However, Francis has since declined a request from Maduro to help relaunch talks with the opposition, saying that the Vatican would only get involved if both sides in the conflict asked it to step in and facilitate mediation. The Vatican expended its institutional prestige in 2016, attempting to mediate a dialogue that the pope later said “went up in smoke,” placing blame on Maduro.

Meanwhile, the Catholic Church in Venezuela has taken a strong stance in recent years as an outspoken critic of Maduro’s policies. The country’s Episcopal Bishop’s Conference has called on Maduro to release political prisoners and rejected his policies to consolidate power by forming a constituent assembly that has effectively gutted the opposition-controlled National Assembly. And at the outset of deadly street protests that left more than 120 dead in 2017, the church demanded Maduro’s government immediately stop firing on protesters with tear gas, buckshot and live rounds — a call Maduro’s government did not heed.

“The Episcopal Conference has been and is very critical of the Maduro government,” said Hugo Perez Hernaiz, a former sociology professor at the Central University in Caracas. “They squarely blame the government, and they are very consistent on that.”

The Catholic Church in Venezuela historically has been one of the most respected institutions in the country, he said, noting that the clergy played an influential role bringing an end to the Marcos Perez Jimenez dictatorship in 1958, issuing a letter months before his ouster cutting ties with the government.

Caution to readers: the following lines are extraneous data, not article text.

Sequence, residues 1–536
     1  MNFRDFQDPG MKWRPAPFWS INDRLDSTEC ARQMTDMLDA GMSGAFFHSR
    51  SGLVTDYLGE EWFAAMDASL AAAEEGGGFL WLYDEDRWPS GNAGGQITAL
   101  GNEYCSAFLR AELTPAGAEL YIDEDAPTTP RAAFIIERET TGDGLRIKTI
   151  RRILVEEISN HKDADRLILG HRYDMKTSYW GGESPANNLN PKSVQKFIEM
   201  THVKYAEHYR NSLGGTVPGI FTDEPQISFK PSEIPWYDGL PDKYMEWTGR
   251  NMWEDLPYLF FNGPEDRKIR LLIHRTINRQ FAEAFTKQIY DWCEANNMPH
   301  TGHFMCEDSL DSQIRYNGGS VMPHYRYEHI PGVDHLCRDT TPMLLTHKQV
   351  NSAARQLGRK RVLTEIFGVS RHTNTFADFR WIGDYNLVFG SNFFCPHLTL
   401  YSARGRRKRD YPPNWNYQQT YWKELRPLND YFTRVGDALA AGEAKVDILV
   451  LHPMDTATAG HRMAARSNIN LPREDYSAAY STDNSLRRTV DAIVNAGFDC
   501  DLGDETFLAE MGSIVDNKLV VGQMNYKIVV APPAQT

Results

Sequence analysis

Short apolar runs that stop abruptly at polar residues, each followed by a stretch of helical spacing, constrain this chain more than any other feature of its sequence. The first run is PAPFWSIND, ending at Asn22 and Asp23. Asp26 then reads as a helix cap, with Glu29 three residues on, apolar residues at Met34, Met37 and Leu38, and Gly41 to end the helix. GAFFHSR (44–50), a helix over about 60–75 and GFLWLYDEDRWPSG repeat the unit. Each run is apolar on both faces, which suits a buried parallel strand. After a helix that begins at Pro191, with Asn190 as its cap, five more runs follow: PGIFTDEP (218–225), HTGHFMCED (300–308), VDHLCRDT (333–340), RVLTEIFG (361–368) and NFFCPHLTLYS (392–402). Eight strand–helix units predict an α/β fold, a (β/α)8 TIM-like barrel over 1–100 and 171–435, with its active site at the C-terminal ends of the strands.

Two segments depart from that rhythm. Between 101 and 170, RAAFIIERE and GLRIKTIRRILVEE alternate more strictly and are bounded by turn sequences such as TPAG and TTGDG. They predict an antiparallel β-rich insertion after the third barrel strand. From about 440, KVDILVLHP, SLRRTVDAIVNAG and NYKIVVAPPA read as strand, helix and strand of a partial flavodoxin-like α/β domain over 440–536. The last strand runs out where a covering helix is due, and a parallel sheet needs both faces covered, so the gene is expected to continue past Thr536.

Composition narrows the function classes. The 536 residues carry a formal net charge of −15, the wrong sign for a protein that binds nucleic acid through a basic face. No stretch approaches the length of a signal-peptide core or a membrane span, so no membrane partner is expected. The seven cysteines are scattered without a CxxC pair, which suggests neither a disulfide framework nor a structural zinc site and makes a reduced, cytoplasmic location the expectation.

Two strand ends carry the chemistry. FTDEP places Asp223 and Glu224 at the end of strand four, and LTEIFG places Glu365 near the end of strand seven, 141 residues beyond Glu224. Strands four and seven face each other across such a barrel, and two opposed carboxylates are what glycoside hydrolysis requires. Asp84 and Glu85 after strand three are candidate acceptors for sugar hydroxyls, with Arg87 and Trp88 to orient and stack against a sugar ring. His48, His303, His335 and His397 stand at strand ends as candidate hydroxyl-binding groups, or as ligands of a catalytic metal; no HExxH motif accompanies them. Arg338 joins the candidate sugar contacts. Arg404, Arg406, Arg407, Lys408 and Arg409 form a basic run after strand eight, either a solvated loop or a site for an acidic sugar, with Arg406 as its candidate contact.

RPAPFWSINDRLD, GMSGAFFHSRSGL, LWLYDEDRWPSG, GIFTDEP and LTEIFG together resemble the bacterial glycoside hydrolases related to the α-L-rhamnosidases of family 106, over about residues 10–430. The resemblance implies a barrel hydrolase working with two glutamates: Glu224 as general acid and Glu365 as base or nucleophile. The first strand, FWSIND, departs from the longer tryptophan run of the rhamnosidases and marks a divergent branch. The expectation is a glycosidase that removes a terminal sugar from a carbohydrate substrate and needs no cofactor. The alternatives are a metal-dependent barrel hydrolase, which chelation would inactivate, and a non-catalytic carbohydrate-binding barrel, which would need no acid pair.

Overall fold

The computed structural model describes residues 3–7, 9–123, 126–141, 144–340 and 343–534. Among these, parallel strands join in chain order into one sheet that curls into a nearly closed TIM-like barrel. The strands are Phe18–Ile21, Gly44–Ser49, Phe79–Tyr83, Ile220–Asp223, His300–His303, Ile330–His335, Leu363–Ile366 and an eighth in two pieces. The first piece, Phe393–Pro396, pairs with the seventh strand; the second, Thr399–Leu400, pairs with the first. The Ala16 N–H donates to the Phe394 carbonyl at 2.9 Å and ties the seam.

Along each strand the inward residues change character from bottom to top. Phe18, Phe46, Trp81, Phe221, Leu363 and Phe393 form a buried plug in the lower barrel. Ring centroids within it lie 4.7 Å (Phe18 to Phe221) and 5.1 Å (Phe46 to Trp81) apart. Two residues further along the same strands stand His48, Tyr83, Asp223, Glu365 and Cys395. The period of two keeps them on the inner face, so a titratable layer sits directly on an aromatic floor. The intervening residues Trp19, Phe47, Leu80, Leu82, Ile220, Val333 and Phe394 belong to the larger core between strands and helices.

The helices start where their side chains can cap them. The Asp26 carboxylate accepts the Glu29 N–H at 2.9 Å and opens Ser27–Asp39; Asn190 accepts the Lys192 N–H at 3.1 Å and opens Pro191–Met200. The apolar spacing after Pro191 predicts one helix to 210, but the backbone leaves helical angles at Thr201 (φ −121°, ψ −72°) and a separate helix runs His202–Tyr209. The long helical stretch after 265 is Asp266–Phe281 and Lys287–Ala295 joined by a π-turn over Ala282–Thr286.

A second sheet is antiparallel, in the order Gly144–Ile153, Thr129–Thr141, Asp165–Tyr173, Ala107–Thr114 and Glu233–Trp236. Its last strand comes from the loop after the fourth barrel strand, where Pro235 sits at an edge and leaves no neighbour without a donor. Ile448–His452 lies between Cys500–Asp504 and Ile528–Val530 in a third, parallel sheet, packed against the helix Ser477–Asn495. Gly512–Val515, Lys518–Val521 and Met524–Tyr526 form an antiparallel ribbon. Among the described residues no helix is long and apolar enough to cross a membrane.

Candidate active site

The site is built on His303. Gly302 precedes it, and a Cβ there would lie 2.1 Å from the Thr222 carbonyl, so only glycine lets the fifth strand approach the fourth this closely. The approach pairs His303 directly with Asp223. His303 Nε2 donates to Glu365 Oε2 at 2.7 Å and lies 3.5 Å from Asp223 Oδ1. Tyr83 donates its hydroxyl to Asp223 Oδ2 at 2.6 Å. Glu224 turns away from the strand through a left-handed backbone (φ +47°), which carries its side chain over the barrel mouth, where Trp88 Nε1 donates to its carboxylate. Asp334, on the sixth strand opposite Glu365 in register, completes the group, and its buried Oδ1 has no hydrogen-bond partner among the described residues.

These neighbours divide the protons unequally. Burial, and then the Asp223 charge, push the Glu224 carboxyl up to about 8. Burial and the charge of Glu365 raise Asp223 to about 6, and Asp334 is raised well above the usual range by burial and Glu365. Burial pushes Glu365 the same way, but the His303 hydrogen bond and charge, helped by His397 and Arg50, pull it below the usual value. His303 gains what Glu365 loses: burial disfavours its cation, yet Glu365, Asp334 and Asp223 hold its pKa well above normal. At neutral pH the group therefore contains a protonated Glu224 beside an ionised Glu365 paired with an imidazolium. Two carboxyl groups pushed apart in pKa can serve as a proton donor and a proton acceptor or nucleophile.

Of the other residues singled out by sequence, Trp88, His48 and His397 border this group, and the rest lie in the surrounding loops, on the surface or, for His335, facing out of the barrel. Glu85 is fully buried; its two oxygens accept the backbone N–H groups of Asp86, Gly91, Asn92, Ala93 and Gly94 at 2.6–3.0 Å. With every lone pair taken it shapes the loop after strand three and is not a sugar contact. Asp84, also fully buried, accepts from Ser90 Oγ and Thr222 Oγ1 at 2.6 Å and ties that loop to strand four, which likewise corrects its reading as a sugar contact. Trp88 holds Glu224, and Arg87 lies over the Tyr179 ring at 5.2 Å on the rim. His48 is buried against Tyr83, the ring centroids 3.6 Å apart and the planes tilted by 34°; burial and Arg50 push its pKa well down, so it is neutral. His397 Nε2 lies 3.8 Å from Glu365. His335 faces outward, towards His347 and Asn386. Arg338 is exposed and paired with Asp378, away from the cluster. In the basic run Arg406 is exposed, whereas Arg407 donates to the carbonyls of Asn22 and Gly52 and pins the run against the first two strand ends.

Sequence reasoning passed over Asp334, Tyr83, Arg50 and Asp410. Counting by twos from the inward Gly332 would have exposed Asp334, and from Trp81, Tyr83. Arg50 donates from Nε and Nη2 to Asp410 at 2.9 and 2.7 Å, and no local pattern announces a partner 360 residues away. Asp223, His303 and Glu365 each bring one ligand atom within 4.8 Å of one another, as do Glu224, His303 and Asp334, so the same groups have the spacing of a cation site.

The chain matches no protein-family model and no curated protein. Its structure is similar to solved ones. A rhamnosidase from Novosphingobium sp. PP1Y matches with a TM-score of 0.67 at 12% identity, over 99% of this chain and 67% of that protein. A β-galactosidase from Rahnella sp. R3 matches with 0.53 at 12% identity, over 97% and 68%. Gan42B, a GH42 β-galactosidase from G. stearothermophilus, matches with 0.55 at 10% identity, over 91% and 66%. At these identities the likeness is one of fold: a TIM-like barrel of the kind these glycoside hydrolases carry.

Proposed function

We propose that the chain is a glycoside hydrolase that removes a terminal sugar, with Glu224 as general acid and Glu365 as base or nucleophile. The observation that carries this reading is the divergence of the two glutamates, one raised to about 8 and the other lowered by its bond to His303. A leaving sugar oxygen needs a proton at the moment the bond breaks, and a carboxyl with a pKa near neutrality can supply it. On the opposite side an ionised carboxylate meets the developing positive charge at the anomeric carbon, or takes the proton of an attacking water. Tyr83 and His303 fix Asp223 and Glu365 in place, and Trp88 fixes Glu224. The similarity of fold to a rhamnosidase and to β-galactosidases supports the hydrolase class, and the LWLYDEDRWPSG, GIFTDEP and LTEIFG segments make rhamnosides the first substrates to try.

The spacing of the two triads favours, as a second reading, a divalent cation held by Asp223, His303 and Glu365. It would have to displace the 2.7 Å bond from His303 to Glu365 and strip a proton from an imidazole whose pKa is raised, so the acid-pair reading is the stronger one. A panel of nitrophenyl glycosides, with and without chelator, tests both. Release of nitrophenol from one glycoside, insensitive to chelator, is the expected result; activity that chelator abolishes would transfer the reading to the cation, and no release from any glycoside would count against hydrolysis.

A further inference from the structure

In the current crisis, other churches across Venezuela have also become flashpoints for violence. A group of Guaido supporters holding a rally at a church in the port city of Maracaibo came under attack by 40 men armed with clubs who entered the sanctuary, vandalizing the altar and injuring 15 people, some with open head wounds, local media reported.

In Petare, the Maduro supporters came to the plaza for 19 consecutive days in late January and early February. They set up a stage with speakers just steps from the church’s front doors, blasting loud music and politically charged speeches aimed at Lunar.

“He uses the excuse of being a priest and wearing the frock but has no right to be in the street promoting protests, promoting terrorism and asking for a military intervention,” a Maduro supporter and local councilman, Abraham Aparicio, shouted into the microphone, adding that U.S. bombs won’t just kill government supporters. “They’re going to kill everyone, God forbid.”

The derogatory graffiti shaming Lunar was painted on the front of the church and along one side. Several church members gathered the next morning to paint over it.

Lunar was first to pick up the roller brush, applying a light coat over the dark red letters. “God is great,” he said in a booming voice as he handed the brush to parishioners who took turns painting. Several coats were required to finally hide the words.

One of the volunteers, 64-year-old Jose Teran, said the church is sacred and should not be desecrated. He called Lunar a good priest who creates an environment where followers can come for refuge in these difficult times.

Teran also said he didn’t believe the Maduro loyalists would give up quickly, expecting them to return with their speakers and more red paint.

“If they come to paint again,” Teran said, “we’ll cover it up again.”